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Brenda

In my own mind, I became a breast cancer survivor the moment I received my diagnosis. It all began so innocently! I scheduled myself with my gynecologist for my routine annual exam and was pronounced in fine health. He recommended, as he always does, that I have a mammogram so I scheduled myself for one the next week.

To my shock, a week after the mammogram I received a letter in the mail telling me that an abnormality had been detected in my x-ray and that I needed to contact my doctor at once. I did so, and he seemed surprised that anything had been detected. He said that he had not been able to feel anything during my exam. He recommended a surgeon for me to see, and within a week I was in his office. He studied my x-ray and did a very thorough breast exam. He knew where he was looking and what he was looking for, but he was unable to detect by touch any hint of an abnormality. But there it was, plain as day on my mammogram.

He scheduled me for a breast biopsy and 2 days later I had my diagnosis. I had cancer, and it was in very early stage, he said stage 0. Due to the nature of my cancer, a lumpectomy was not an option for me. The calcifications covered a large portion of my right breast tissue, and in order to remove all the cancer cells, a mastectomy would have to be done. I could not believe my ears. I was only 43! I had a mammogram only a year and a half before and there was nothing there at all, and now I was having a mastectomy!

I chose to have an immediate breast reconstruction procedure, so I had to see another surgeon — a plastic surgeon. So it was done. On August 13, 2002, I had my right breast removed and had a TRAM flap reconstruction. It was a tough few days there, and I wondered for a short time if I had made a mistake — having 2 major surgeries at once was very difficult. But after those first few days I was very glad I had both done at the same time.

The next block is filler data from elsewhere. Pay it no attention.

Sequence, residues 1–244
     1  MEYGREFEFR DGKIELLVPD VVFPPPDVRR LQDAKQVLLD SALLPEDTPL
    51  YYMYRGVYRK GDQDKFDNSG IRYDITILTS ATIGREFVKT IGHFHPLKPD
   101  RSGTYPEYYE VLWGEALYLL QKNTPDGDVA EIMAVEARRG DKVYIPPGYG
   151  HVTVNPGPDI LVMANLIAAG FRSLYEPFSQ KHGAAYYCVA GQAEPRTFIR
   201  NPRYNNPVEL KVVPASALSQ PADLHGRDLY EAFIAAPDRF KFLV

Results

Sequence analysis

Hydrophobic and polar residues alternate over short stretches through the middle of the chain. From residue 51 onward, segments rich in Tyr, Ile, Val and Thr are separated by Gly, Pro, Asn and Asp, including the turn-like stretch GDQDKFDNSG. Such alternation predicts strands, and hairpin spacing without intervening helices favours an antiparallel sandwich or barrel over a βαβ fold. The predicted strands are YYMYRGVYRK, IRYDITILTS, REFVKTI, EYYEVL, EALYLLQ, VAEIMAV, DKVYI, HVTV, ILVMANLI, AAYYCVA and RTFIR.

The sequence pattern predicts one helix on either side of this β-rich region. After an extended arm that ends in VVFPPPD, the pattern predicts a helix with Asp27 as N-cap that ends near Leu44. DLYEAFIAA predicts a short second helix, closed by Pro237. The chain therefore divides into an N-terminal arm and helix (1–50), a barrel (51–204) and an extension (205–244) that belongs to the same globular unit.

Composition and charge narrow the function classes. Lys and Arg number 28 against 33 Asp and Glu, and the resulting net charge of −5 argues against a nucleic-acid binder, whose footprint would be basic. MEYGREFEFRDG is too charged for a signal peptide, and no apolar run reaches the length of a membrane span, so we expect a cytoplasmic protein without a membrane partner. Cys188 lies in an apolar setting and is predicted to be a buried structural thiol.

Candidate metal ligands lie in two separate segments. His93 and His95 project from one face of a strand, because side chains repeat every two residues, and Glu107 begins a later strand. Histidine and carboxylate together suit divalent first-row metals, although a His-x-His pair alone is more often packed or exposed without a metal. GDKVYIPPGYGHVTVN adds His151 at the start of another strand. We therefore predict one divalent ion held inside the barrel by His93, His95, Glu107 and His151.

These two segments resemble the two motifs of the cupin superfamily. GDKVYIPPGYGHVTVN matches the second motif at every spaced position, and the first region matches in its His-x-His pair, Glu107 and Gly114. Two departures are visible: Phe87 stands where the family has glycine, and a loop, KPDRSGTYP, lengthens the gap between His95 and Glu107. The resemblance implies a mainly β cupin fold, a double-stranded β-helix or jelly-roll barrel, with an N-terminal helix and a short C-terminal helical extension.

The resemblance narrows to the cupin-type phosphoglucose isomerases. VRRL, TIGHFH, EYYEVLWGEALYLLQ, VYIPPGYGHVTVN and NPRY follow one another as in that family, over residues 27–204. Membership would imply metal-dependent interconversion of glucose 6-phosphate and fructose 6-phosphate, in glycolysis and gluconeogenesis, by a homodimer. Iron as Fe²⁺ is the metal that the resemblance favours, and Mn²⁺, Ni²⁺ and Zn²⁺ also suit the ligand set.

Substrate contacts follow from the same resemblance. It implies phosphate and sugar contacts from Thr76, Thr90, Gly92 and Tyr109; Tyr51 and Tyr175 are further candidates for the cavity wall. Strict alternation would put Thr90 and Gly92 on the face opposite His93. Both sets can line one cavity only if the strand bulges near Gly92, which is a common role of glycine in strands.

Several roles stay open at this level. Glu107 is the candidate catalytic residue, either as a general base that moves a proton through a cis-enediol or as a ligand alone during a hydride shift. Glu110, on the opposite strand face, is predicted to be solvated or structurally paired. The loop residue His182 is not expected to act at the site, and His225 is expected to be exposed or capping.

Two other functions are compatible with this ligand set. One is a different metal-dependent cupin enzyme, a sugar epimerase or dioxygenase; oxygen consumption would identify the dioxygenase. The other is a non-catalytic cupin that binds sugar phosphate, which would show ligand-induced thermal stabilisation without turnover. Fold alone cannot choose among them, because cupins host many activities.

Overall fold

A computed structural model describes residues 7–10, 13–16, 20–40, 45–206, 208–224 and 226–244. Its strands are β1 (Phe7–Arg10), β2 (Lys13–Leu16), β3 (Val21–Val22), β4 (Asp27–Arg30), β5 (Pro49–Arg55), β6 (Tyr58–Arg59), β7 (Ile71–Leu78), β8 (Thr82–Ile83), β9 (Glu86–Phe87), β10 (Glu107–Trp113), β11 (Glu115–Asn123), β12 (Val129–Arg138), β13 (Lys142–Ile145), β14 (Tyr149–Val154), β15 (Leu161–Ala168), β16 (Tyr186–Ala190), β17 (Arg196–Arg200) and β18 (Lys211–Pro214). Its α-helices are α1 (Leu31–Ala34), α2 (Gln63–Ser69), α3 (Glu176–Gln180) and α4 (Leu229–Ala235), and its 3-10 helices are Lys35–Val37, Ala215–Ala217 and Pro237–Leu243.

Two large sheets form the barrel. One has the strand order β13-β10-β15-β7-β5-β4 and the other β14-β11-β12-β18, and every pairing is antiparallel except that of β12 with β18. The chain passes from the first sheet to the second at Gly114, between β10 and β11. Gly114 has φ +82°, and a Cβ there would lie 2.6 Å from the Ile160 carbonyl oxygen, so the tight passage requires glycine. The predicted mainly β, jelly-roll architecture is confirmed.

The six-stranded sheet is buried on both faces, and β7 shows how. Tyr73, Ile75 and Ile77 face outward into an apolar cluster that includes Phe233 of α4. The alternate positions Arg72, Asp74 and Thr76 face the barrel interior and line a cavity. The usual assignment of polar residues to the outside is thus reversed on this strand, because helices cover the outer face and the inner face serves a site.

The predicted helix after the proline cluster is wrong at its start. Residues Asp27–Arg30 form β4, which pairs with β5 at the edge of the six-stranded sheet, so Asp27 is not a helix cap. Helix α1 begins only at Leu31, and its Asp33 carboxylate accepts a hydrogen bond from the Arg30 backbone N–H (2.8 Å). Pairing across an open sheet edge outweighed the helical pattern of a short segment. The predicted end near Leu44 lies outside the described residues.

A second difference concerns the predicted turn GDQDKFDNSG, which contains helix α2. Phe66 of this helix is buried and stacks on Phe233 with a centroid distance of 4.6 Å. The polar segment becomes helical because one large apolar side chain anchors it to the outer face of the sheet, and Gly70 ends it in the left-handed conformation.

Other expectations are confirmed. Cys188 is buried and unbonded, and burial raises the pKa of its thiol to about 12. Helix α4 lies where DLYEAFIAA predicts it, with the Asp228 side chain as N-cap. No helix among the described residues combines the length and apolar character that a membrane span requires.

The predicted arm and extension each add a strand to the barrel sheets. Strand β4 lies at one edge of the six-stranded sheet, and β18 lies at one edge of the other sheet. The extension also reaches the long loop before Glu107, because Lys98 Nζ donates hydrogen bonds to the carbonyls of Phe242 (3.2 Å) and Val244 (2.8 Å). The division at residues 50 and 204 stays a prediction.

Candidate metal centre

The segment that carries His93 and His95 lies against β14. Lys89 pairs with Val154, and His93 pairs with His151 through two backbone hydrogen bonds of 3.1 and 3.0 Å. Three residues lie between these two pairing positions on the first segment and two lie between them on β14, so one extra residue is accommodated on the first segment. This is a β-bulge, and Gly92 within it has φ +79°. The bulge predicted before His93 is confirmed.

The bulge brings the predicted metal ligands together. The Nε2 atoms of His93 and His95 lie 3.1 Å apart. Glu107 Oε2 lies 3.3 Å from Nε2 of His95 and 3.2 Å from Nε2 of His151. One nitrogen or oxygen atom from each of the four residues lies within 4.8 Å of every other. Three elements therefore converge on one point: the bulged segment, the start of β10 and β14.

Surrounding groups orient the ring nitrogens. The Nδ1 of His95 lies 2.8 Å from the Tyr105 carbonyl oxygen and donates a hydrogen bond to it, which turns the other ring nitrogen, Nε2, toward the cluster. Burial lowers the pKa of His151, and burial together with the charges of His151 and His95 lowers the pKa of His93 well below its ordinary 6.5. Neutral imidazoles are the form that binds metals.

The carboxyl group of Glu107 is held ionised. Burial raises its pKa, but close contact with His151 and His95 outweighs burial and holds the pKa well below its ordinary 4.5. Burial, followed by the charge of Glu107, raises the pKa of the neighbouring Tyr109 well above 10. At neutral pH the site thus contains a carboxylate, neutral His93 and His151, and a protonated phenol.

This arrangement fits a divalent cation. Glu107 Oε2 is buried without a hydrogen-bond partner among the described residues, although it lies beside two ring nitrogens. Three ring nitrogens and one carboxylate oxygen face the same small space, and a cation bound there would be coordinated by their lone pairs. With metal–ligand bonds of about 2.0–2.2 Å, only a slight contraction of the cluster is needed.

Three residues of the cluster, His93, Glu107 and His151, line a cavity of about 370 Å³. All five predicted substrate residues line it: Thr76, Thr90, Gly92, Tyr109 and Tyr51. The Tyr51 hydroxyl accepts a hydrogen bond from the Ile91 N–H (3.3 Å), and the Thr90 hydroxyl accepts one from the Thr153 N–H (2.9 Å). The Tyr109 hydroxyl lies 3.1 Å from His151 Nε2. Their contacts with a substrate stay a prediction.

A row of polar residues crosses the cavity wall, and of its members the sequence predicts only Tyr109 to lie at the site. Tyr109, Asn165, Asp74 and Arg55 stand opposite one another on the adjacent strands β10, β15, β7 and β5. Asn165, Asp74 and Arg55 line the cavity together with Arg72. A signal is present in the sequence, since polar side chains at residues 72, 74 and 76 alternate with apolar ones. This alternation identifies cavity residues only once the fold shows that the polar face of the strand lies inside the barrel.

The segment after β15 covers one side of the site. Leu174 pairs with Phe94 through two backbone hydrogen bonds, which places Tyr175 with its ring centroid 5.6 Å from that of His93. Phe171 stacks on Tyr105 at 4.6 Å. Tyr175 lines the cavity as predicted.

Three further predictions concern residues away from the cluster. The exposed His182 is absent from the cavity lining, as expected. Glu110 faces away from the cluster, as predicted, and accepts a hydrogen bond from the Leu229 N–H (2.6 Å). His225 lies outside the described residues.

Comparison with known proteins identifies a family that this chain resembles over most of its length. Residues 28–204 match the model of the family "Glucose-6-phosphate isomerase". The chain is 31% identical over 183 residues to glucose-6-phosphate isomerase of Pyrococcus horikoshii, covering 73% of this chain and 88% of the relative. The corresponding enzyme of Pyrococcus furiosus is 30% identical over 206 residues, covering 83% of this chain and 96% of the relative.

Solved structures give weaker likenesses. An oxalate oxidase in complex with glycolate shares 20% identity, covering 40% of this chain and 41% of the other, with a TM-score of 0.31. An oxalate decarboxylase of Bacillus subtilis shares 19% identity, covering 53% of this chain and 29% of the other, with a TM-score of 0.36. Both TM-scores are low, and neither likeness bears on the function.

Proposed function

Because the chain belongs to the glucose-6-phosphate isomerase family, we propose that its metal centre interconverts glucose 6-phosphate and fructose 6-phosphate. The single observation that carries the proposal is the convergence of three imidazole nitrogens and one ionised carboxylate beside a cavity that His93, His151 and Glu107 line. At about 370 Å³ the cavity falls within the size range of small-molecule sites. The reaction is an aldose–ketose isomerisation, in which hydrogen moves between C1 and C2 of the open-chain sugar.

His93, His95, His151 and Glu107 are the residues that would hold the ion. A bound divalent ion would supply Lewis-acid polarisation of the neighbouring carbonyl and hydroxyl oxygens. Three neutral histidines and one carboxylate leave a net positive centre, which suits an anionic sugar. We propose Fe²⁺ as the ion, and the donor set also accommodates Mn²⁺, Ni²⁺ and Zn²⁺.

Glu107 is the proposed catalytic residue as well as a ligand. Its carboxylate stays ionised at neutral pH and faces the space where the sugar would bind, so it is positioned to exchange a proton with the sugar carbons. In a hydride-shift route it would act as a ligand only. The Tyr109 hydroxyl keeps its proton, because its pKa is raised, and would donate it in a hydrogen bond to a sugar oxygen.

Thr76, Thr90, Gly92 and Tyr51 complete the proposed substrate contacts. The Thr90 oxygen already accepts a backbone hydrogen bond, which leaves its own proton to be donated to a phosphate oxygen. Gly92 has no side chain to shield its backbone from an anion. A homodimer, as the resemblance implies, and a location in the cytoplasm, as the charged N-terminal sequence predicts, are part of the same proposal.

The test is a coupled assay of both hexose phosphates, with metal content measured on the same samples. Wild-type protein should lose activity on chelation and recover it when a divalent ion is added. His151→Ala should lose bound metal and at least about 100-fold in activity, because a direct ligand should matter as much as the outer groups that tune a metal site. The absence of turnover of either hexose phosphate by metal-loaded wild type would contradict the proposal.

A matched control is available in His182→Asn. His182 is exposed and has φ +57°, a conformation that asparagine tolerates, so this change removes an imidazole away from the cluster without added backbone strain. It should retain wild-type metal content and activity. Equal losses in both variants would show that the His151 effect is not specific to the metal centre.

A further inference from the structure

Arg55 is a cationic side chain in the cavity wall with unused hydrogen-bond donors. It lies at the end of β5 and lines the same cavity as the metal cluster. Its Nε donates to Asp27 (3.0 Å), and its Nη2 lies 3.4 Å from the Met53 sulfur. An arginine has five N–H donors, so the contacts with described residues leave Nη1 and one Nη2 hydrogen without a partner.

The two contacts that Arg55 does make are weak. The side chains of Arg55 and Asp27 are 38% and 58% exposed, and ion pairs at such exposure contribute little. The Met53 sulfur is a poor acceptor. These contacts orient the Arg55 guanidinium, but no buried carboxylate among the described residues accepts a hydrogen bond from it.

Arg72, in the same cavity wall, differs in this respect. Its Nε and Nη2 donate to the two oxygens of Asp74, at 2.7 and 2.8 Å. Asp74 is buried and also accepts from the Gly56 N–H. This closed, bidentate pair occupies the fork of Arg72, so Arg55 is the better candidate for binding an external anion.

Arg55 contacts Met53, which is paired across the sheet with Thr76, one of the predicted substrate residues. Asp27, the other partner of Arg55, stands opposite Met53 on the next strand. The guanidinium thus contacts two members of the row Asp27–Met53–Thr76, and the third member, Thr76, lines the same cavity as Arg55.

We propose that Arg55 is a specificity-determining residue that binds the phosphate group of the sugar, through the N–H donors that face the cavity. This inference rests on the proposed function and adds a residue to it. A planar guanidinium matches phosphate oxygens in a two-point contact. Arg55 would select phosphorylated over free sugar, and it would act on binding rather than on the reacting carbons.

My pathology report was excellent, the cancer had not spread outside the breast tissue, the lymph nodes were clear. My oncologist recommended no further treatments. No chemotherapy, no radiation therapy, no tamoxifen, nothing. All I had to do was recover from my surgery and pick up my life where I left off. What blessing! It is now 5 weeks from surgery and I am doing well. My body is still sore, my incisions are not healed completely, but are very much on the way. The TRAM left my abdomen much flatter and tighter, and my new breast is still quite swollen, but the shape is incredible. Within a few months when the swelling is gone I will have a completely normal looking breast to match my real left one!

What I want anyone who reads this story to take away is this: my cancer was totally undetectable by a manual breast exam. My surgeon said I was probably a year away from having a palpable mass, but when it became palpable, it would have been enormous. My mammogram saved me from possible death, and from certain suffering through chemotherapy and radiation treatments. Because of my early diagnosis, I was spared so much. Please, if there is a woman in your life whom you love, get her to have a mammogram every year. Make it a test of love if you must. You know, “if you loved me, you’d get one”. Mammography saves lives, maybe your mother’s life, your daughter’s life, maybe even your own life. I know it saved mine!